Lucius J. Barker,Ph.D, a political scientist who broke through racial barriers to become a leader in constitutional law, civil liberties, and African-American politics, died in his Northern California home on June 21 of complications due to Alzheimer’s disease. He was 92.
Barker, who was the William Bennett Munro Professor of Political Science, Emeritus, at Stanford, served as president of the American Political Science Association in 1992-93. He was the second Black leader to hold that position.
Judith Goldstein, chair of Stanford’s Department of Political Science and the Janet M. Peck Professor of International Communication, said Barker committed his career to understanding how the American political system can represent the interests of all citizens.
Paula McClain, current president of the APSA, Duke University professor of political science and public policy, dean of the graduate school and vice provost for graduate education, called Barker “a giant in the field of political science.”
She said, “Yet, despite his eminence, Lucius was a generous and selfless human being who mentored numerous young scholars of all races, providing them opportunities to achieve their scholarly potential. The discipline and the academy, in general, need more Lucius Barkers.”
Barker also served as president of the Midwest Political Science Association and was the founding editor of the National Political Science Review, a publication of the National Conference of Black Political Scientists, an organization for which he also served as president.
The fifth of six children, Barker was born on June 11, 1928, in Franklinton, Louisiana, to college-educated parents who taught in – but were undeterred by – the segregated school system. After graduating high school, Barker attended Southern University and A&M College in Baton Rouge, where he pledged the Beta Sigma chapter of Alpha Phi Alpha fraternity, and earned his bachelor’s degree in political science in 1949. He then attended the University of Illinois for graduate studies in constitutional law and civil liberties. His mentor was Jack Peltason, who later became president of the University of California system. Barker earned his PhD from Illinois in 1954, and began his teaching career there as a fellow.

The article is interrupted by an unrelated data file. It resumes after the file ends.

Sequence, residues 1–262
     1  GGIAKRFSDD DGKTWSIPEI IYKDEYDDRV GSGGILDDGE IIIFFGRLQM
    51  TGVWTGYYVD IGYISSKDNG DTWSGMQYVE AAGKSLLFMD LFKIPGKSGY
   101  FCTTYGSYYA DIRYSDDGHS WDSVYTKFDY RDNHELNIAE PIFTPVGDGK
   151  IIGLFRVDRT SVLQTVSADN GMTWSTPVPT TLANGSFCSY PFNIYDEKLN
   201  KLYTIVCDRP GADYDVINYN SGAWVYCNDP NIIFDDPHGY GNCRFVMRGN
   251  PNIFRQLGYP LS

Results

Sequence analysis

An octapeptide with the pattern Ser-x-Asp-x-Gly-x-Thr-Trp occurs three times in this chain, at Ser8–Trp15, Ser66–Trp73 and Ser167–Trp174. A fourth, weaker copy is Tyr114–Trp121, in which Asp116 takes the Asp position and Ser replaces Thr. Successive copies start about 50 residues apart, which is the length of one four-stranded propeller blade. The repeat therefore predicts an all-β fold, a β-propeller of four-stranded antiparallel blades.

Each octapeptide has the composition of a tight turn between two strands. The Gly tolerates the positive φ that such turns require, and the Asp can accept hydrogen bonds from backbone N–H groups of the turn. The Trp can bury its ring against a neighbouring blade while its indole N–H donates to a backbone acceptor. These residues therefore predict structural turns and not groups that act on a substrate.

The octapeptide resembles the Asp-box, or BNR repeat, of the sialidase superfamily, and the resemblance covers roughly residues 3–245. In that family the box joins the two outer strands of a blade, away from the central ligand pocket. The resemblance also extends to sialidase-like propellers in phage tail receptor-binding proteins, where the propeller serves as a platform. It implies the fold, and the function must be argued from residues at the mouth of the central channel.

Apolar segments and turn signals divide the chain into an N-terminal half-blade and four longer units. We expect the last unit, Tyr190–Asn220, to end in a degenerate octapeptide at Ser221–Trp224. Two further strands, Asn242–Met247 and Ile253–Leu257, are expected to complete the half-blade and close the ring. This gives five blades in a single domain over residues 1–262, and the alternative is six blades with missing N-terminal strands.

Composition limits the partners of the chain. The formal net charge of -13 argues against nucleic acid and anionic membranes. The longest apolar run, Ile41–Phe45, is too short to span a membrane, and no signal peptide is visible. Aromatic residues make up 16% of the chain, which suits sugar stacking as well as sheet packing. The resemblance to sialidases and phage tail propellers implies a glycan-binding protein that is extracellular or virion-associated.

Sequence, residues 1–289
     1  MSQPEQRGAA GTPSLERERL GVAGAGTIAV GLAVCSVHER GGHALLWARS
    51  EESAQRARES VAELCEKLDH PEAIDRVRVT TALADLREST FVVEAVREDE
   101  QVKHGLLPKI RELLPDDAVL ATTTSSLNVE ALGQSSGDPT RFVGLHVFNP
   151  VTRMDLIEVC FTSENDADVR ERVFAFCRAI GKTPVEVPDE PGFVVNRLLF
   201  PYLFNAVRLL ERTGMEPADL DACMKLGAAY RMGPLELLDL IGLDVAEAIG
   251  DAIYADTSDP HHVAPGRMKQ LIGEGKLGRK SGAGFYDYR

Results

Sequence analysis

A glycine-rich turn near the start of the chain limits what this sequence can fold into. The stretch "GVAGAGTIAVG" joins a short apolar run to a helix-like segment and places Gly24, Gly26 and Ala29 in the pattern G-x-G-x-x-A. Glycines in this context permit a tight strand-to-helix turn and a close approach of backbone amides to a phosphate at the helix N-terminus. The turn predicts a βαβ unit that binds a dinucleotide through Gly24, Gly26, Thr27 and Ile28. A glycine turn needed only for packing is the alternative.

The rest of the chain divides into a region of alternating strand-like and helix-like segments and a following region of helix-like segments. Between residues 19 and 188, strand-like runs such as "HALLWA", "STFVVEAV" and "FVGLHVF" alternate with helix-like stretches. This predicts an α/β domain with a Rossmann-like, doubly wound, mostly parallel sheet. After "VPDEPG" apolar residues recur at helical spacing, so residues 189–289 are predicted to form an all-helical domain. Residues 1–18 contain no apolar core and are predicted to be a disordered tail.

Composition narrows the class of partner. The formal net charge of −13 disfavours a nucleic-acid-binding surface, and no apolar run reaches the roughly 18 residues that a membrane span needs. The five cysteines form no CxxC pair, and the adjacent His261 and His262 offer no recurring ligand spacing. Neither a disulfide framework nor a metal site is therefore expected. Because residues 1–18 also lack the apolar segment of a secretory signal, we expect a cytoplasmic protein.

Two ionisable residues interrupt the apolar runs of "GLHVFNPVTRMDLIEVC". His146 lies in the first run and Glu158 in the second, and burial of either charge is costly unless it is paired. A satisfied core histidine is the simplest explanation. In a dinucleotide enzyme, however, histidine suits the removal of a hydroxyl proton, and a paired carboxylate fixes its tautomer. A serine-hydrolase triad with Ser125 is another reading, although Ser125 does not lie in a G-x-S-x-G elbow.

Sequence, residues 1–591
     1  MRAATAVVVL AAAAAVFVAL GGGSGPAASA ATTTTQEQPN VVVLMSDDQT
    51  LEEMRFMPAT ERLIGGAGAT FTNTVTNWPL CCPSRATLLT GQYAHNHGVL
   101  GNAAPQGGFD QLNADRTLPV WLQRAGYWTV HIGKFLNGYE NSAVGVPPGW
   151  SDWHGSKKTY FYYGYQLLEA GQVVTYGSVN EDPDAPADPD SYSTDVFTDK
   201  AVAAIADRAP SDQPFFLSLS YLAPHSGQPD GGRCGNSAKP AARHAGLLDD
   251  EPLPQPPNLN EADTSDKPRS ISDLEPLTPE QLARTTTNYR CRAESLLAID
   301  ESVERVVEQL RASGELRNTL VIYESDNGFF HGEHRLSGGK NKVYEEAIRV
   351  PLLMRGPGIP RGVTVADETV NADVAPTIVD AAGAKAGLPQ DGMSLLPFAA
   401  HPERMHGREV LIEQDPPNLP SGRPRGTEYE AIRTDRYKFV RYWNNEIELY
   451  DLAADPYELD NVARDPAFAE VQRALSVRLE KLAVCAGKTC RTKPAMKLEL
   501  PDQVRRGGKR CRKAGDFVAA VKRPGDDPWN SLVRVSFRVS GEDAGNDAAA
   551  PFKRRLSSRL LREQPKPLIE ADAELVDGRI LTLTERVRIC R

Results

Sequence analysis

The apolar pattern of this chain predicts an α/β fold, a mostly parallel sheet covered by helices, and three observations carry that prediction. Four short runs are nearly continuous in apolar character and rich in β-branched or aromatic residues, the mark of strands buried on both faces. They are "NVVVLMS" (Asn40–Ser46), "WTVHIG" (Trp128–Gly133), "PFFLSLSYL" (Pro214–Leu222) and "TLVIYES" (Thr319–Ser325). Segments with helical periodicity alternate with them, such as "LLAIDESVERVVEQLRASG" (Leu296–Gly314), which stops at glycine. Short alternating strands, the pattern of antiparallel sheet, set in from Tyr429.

Barker returned to Southern University to teach for several years before moving to the University of Wisconsin-Milwaukee. He spent the 1964-65 academic year as a Liberal Arts Fellow of Law and Political Science at the Harvard Law School. In 1967, Peltason, then chancellor, recruited Barker to the University of Illinois to serve as assistant chancellor. In 1969, Washington University in St. Louis recruited him to teach and chair the political science department as the Edna Fischel Gellhorn Professor. He remained there until 1990, when he joined Stanford.
At Stanford, he twice served as chair of the Department of Political Science and joined Sigma Pi Phi fraternity (known as the Boulé). As a Stanford faculty member, he was elected to the prestigious American Academy of Arts and Sciences.
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